As we drove home from the mid winter blot and the viking winter games this year, we drove past a ruin that I have been wanting to stop by and have a closer look at for many years. This time we were finally able to. I always believed that this ruin used to be a monastery of some kind, but it actually used to be a church and a defense tower, built in the 1100’s.
The ruins of Sunne church and defense tower are located on a very strategic spot in direct connection to the beach of Storsjön. According to tradition, Sunne church and fortress was built in 1178 on the orders from the Norwegian king, Sverre Sigurdsson.
Sverre marched with a large army into Jämtland from Värmland, through Dalarna and into Norway in 1177. Soon, he went back into Jämtland with an army of only 120 men. He was received with open arms by the people of Jämtland. However, some were plotting to murder the king. The plans of the murder was revealed in time and Sverre escaped with his men. They were quickly surrounded by 1200 murderous jämtar in Lillsundet, between Andersön and the mainland. As it got darker, Sverre ordered his men to use the same battle techniques as the Swedes and then later, as the battle begun, they were to run silently and hide on the island.
The Swedes did not notice that Sverre’s men had disappeared so they kept on fighting and did not notice that they in fact were fighting and killing each other. King Sverre Sigurdsson defeated the jämtlandska peasant army and won the battle of Andersön on the frozen lake of Storsjön that night. After the victory, he imposed a tax called ‘sundamale’ and with this tax he would build and maintain Sunne church and defense tower.
A few years earlier, the Archbishop of Uppsala had appointed Brunflo as the central point of the church power in Jämtland, and in 1170 he erected a church dedicated to Norway’s Saint King Saint Olof to mark this. Next to the church he also built a defense tower. The church and defense tower in Brunflo can therefore be seen as a counter-pole to the castle and defense tower in Sunne. The two castles are almost identical except that Sunne is significantly smaller than the one in Brunflo. The property in Brunflo belonged to the Archbishop and the property in Sunne belonged to the Norwegian king. There are no doubt that there were a battle for power in this area. The one at Brunflo is completely preserved.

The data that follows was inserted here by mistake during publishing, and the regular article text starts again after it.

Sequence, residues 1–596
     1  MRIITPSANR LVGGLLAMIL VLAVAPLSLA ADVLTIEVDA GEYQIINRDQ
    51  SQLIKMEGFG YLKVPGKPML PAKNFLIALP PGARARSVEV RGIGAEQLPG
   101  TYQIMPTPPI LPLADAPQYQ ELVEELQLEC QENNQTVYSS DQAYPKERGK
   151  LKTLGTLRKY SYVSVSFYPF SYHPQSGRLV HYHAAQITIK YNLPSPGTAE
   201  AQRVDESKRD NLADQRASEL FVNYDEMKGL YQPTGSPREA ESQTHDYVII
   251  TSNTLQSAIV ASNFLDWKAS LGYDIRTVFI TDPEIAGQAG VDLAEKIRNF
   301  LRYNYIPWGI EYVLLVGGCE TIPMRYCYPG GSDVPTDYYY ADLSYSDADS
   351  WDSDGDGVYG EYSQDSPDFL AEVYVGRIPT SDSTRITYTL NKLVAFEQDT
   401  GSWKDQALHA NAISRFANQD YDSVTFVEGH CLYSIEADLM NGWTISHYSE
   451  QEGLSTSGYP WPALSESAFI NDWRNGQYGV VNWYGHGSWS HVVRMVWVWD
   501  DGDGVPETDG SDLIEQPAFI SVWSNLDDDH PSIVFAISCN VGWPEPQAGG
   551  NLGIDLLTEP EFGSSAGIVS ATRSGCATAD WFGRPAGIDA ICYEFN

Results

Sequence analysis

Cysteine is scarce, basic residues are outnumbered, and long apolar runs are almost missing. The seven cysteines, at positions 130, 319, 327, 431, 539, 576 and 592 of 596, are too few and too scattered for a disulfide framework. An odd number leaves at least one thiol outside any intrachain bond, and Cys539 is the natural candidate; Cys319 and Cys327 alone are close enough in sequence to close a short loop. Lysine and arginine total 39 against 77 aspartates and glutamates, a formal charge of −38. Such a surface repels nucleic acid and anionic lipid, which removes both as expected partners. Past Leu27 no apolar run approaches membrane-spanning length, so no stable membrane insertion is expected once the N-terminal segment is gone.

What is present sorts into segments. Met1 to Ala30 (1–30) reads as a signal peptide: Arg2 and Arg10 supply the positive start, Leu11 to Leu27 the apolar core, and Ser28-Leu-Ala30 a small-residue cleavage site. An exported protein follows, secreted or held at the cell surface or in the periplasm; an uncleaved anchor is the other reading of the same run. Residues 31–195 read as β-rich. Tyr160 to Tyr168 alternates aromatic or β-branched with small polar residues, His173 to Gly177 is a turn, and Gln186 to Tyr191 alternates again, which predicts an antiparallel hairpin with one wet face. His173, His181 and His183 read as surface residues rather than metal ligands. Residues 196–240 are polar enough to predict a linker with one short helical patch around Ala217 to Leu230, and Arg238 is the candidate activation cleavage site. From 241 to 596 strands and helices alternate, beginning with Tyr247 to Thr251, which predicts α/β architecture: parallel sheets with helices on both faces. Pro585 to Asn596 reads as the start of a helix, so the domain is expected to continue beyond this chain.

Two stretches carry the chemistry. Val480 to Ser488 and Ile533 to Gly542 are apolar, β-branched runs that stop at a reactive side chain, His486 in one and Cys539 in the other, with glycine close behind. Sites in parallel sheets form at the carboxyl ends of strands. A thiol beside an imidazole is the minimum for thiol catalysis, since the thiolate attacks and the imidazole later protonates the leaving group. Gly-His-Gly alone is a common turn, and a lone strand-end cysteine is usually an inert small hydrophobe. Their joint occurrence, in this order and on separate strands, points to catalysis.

Sunne church and defense tower were damaged by a thunderstorm in 1731. The defense tower was repaired, but eventually became decayed and collapsed. In connection with the construction of the Sunne church during the 1830s, large parts of the medieval church were demolished to be reused to make new buildings. This was a very usual thing to do in this period. People needed stone to make barns and houses.
Many castles and defense towers made of stone were erected in the Nordic countries during the 12th century. These kinds of buildings are however rare in northern Sweden, which emphasizes the importance of this place. The two churches and defense towers of Sunne and Brunflo demonstrates the battle of power that took place here. Both the Norwegian royal power and the Swedish archbishop’s seat in Uppsala wanted the power over this area.
An archaeological excavation has been carried out in the castle ruin. A variety of finds were recovered, including a silver coin from the late 13th century and some everyday objects like knives, fire steels, iron fittings, nails, spoons, a grindstone, game pieces and ceramic shards. The finds have a spread from the 13th century to the 18th century.
One thought on “The ruins of Sunne church and defense tower, Orreviken, Sweden”
Knocked down by a Thunderstorm!